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“Very easy to use when you want to make sure a piece of wood is strong enough to pull something out of a pit.”
- Leah in Android Market
An easy to use wood beam design calculator for construction & building:
Inputs: span, beam size, lumber type and option of point load or uniformly distributed load (only simple beam spans included).
Outputs: calculated stress in bending, the allowable stress of your beam type and the calculated and allowed deflection.
Other features & notes:
Results can be emailed, texted or copied to the phone’s clipboard.
Feel free to email us with feature suggestions or new app ideas.
You have a wood 6 x 6 spanning the top of scaffolding and a come-along lifting from it. You want to make sure the wood beam is more than adequate for the load you are hoisting. You know it’s treated yellow pine, spans 5’ and is trying to lift a 1,500 pound load (10 cubic feet of concrete). Wouldn’t it be nice to know if the calculation supports what your gut tells you?
Here's how it works:
1. Input the span length: 5'
2. Input the proposed beam width and depth: 5.5" and 5.5"
3. Select the type of wood from options: Treated Southern Pine #2 grade
4. Indicate if the load will be a center of span point load or a uniformly distributed load? Point load.
An example of a point load is a post bearing on a beam or a steel cable lifting a bucket with a come along. Point loads are in pounds. In the example on the screens, a bucket with 10 cubic feet of concrete is to be lifted. Therefore, the load will be 10 cf of concrete x 150 pounds/cf of concrete = 1,500 pounds.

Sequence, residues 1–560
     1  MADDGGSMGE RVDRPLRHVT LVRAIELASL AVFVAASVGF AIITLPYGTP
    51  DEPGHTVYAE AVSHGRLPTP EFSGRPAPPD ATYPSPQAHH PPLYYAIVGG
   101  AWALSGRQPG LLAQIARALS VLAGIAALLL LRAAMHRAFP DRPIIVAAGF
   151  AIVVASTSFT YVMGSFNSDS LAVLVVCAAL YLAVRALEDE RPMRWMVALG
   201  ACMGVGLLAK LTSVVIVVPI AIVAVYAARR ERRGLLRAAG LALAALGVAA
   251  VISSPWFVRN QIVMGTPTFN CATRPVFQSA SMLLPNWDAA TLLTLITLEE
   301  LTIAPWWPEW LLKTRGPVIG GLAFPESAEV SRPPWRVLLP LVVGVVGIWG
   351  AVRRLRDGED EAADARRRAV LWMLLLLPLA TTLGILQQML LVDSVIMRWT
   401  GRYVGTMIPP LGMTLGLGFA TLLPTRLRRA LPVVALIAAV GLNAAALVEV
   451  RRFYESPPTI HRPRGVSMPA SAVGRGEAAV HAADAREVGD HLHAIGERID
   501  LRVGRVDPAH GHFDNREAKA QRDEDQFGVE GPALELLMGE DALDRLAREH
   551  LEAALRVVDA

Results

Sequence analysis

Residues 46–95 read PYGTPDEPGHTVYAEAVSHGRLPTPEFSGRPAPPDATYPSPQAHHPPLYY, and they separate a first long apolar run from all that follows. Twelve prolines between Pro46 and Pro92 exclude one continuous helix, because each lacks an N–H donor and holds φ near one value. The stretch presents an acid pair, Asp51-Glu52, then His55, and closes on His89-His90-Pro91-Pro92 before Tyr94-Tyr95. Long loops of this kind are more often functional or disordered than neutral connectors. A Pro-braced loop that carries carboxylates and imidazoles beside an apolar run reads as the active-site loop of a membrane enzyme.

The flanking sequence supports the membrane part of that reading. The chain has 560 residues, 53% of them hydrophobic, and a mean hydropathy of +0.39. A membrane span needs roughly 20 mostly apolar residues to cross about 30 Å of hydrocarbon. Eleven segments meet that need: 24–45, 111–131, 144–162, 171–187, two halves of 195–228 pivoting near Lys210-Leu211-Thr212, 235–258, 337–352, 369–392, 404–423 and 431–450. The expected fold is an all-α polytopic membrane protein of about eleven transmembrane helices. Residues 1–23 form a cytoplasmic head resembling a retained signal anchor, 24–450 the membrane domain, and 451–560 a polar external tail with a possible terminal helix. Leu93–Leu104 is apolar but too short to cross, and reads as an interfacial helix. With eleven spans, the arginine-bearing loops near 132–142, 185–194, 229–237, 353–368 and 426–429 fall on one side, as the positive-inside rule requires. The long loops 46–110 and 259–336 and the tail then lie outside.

A uniformly distributed load, on the other hand, occurs when the forces acting on the beam are spread along the length of the beam. For example, a wood joist at 16" on center has 16" of plywood and carpet (say 2 pounds per square foot) of dead load above it. So the dead load becomes 2 pounds/sf x 1.33ft = 2.66 pounds per linear foot. The live load (say 40 psf for residential) would similarly be 40 pounds/sf x 1.33 ft = 53.2 pounds per linear foot. So the total load would be the dead load of 2.66 pounds/lf + the live load of 53.2 pounds/lf = 55.86 pounds/lf.
5. Back to the example, though: Input the amount of the load: 1,500 pounds
6. Verify that the top chord of the beam is restrained from twisting or buckling. The program considers only bending stresses for a simple span with either a center point load or a uniformly distributed load. The program assumes the top chord of the beam is adequately supported (either with regularly spaced joists or some type of stabilization ties) at least every five feet. If the top chord of the beam is not adequately supported, please understand the beam can fail from top chord buckling. This program does not evaluate beam spans with unrestrained top cords.
7. Review the program output:
This basic wood beam design program should be used only by qualified
persons. The assumptions and formulas in the program should be
thoroughly understood by anyone using this program.